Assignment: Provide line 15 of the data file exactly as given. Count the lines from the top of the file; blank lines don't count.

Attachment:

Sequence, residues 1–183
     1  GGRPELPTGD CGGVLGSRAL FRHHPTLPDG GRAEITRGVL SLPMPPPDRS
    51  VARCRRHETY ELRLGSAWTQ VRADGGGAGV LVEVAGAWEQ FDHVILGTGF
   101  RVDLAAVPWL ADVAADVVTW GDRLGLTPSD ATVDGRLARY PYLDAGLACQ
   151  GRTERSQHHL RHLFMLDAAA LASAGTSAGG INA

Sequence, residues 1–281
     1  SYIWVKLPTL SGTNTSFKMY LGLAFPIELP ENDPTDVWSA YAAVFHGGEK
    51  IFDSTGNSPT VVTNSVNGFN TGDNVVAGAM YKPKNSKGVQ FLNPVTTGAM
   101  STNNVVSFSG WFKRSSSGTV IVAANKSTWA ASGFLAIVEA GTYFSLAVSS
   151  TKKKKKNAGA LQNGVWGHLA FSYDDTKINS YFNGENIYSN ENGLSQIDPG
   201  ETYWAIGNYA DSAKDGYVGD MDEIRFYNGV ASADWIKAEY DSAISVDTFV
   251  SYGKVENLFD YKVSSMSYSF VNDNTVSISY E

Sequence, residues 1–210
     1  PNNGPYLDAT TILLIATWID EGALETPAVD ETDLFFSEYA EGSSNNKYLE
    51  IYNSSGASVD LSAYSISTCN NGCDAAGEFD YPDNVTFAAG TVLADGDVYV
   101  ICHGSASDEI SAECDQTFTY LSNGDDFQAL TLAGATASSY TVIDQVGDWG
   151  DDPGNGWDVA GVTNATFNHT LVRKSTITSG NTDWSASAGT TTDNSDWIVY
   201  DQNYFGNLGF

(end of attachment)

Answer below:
    51  IYNSSGASVD LSAYSISTCN NGCDAAGEFD YPDNVTFAAG TVLADGDVYV